Mobile and online lending - a threat and an opportunity for traditional lenders

The retail and small business credit market is currently undergoing a major transformation.

Up until a few years ago, credit was typically extended by established and regulated financial services providers such as banks, credit unions and, in many emerging markets, microfinance institutions.

In recent years, alternative lenders have emerged and are now extending credit to unserved or under served market segments such as SMEs, the unbanked or "thin file" borrowers. These alternative lenders utilize state-of-the-art lending platforms coupled with advanced algorithms to extend credit at a lower cost (to the lender) and with very fast turnaround times. Alternative lenders tend to vary in accordance with the market in which they operate.

For example, in the USA and in the UK, both advanced credit markets, peer-to-peer lenders have successfully gained market traction by operating via a business model that is not subject to the same regulatory framework that applies to banks and which facilitates reducing the interest margins between borrowers and lenders, benefiting lower risk borrowers with favorable borrowing terms. As another example, some alternative lenders are able to outperform banks in assessing the risk of SMEs by tapping into these businesses' accounting software to glean updated financial information automatically and in real-time.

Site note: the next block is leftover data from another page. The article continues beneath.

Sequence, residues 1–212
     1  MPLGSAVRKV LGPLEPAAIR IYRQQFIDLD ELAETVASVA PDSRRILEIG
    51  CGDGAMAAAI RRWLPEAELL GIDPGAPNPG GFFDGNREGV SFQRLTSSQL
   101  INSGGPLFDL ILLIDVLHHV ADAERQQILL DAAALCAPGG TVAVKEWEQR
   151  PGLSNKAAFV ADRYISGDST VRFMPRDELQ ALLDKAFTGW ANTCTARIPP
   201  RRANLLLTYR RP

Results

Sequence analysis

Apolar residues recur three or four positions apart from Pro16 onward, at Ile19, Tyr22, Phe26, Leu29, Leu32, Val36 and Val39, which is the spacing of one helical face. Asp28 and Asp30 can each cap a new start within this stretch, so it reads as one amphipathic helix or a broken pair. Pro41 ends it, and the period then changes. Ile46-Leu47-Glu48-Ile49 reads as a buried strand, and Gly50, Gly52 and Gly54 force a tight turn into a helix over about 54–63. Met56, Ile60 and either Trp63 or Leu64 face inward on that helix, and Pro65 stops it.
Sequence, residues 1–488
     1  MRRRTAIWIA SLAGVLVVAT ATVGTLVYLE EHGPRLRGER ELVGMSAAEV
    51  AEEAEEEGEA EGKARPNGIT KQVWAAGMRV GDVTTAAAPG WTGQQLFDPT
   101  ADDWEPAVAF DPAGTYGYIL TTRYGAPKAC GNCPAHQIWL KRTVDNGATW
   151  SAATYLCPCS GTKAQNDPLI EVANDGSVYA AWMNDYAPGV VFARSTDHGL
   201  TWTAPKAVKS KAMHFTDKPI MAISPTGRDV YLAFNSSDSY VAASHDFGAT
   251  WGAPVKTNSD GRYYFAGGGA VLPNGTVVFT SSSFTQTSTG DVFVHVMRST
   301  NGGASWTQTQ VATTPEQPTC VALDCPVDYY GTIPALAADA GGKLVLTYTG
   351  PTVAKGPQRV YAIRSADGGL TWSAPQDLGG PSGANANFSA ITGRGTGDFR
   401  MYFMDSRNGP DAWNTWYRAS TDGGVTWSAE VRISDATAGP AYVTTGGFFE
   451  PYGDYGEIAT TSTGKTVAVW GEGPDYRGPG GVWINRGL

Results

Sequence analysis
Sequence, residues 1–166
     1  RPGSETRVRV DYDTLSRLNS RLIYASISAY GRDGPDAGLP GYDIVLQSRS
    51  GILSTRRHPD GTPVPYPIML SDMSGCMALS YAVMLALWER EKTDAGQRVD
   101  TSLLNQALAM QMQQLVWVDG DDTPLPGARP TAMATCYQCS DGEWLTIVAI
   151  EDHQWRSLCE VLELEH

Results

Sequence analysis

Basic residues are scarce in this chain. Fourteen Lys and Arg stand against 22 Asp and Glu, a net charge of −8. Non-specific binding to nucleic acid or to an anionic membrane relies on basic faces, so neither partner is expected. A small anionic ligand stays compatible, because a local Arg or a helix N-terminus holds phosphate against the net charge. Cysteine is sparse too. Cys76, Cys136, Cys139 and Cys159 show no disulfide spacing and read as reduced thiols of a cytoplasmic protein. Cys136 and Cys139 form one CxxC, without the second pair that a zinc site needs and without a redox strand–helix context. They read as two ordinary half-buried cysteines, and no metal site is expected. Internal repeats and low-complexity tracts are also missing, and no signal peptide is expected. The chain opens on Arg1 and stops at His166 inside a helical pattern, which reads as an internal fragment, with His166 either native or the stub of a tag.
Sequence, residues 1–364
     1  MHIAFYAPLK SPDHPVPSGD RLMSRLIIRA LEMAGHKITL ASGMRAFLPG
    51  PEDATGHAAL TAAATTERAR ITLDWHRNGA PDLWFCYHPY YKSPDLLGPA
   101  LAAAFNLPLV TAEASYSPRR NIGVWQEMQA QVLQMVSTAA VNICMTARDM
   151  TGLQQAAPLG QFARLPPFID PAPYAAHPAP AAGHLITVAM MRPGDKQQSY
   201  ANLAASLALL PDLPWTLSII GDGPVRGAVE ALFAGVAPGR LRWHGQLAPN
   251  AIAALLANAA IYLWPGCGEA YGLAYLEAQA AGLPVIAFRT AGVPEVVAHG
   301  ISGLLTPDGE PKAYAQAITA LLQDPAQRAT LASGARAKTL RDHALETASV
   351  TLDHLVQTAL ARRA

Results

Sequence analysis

In emerging economies such as Kenya, mobile lending solutions such as M-Shwari and M-Benki (which both utilize the M-Pesa mobile money service) allow borrowers to apply for short-term loans through their mobile phones and receive an approval and disbursement immediately. The popularity of these solutions is growing rapidly, taking away market share from the majority of banks that are currently unable to offer similar services.

The advantage of all of these alternative lending solutions to borrowers is clear - a simple process for applying for a loan via a direct channel (mobile, web, etc.), real-time approval and immediate availability of funds.

Traditional lenders such as banks, credit unions and microfinance institutions that want to offer real-time lending solutions in order to effectively compete with these alternative lenders may be tempted to view online lending as a "channel" play, which simply takes the financial institution's existing lending process and extends it to the web or to a mobile device via automation.